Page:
After the Civil War, the South’s economic situation changed, and the empty countryside – where domesticated creatures roamed at will – started to fill in. Small subsistence farmers like George and Jennet West and their family started to bump up against planters struggling to cultivate their crops at pre-slave labor levels. In the 1870’s, the “ritch folks” decided it no longer suited them to fence in their crops when they could simply require the poor folks to fence in their animals instead.
So here comes the “No-Fence Law.” It was called by this name on local ballots, but what it really meant was that large land-owning planters were no longer required to fence in their land. Instead, George and Jennet’s cows were stuck being fenced in a dry pasture.
This whole thing got so absurd that at one point there was a law on the books in Georgia that if you lived in a “no-fence” county that bordered on a county that didn’t require livestock to be fenced in that you could actually build a gate or fence at the county line. You just had to maintain it and allow people to pass through freely from both sides. And if you did build such a fence, anyone leaving the gate open would be charged with a misdemeanor.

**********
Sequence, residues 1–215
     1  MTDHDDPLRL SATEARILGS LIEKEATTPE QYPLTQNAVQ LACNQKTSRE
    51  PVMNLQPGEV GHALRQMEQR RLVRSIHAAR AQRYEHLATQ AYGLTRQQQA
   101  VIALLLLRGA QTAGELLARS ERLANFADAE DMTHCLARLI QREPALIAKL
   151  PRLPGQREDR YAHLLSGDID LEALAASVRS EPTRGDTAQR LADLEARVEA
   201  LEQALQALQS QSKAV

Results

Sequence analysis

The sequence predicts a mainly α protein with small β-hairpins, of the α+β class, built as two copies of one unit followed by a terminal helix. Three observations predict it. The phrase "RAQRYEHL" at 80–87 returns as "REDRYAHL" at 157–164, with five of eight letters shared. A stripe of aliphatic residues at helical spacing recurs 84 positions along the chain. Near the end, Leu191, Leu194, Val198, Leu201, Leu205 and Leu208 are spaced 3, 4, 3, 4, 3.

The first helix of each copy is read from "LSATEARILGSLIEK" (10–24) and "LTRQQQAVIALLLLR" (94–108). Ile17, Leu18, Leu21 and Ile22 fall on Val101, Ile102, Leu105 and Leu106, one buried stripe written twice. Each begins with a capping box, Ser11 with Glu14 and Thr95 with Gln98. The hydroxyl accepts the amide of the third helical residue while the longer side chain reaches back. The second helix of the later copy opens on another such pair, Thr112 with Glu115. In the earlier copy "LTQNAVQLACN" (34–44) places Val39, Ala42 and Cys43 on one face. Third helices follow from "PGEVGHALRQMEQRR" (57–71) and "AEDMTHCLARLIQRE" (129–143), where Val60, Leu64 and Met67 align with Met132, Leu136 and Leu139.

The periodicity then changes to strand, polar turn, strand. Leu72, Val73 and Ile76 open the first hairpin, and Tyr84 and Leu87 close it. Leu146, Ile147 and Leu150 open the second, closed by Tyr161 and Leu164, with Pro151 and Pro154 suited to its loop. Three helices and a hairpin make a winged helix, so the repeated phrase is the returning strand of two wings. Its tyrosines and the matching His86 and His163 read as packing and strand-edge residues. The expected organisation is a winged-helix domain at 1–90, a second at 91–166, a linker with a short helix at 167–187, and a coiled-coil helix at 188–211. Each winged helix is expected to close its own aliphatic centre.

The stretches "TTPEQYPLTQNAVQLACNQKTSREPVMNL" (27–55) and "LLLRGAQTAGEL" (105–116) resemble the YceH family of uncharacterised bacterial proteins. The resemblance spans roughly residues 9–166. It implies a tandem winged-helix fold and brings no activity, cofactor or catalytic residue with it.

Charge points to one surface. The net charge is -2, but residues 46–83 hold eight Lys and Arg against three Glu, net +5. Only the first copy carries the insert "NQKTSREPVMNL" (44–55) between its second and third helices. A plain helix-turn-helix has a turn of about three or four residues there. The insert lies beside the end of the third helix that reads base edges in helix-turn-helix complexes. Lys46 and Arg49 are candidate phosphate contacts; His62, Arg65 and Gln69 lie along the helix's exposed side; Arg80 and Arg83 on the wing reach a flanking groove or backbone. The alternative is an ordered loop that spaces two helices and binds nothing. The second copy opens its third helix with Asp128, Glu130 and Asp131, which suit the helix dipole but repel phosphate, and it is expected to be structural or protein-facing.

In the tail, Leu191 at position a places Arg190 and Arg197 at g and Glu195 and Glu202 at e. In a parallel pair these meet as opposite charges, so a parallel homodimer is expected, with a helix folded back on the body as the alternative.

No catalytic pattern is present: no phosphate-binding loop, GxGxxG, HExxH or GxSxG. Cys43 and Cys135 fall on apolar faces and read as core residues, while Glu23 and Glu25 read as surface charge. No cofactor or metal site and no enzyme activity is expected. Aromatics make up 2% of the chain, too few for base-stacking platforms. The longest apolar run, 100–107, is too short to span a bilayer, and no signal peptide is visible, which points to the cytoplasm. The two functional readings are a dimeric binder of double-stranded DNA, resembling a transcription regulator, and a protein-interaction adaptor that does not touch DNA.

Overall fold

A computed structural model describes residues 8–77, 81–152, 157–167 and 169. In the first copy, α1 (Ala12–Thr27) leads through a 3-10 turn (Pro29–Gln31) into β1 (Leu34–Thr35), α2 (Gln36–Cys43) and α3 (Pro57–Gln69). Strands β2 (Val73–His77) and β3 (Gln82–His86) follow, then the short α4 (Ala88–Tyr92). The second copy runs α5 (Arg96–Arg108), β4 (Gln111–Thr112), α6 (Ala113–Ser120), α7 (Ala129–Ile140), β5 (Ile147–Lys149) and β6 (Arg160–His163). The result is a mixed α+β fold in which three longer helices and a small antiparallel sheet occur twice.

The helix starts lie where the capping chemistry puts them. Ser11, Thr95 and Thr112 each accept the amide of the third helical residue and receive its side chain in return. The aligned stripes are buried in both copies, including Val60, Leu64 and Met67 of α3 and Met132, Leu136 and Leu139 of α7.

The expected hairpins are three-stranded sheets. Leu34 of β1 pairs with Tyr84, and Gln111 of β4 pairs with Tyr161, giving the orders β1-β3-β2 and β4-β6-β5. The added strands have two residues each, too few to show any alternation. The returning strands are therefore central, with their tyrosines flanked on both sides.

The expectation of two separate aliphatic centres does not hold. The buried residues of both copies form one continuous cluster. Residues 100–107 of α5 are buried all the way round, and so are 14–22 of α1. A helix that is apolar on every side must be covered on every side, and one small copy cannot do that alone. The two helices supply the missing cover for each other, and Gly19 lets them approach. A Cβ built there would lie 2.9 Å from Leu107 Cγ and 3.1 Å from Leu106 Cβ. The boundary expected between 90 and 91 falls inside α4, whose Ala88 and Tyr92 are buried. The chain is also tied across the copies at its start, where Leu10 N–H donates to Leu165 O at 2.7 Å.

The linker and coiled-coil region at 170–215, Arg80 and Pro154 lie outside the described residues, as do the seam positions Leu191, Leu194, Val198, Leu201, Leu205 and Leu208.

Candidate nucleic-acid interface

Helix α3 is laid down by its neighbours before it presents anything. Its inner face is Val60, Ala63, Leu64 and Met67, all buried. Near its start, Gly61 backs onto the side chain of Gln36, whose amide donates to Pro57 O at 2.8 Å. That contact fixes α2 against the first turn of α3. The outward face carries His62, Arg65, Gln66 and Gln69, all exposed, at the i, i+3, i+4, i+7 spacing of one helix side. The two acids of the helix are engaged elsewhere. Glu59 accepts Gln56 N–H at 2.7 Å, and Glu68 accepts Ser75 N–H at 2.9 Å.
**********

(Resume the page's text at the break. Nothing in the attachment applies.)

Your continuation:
I can only imagine fences being erected willy-nilly at county lines while confused cows wandered about looking for something to drink.
As it turns out, the class struggle that erupted with the “No-Fence Law” was responsible for turning many Southern farmers to the nascent Populist movement. Jennet didn’t live to see the two elections where Populists on the national presidential ballot. (She wouldn’t have been able to vote in them if she had.) I wonder if George voted for Weaver in 1892?
It’s also nice to know that my 4th great-grandmother had “ritch folks'” number.
The Original Letter
To sum up, this was an awesome find and I’m excited to transcribe the other letters and share them here. If you’re a relative or just want to say hi, leave a comment or Contact Me. Until next time, stay tuned and happy detecting!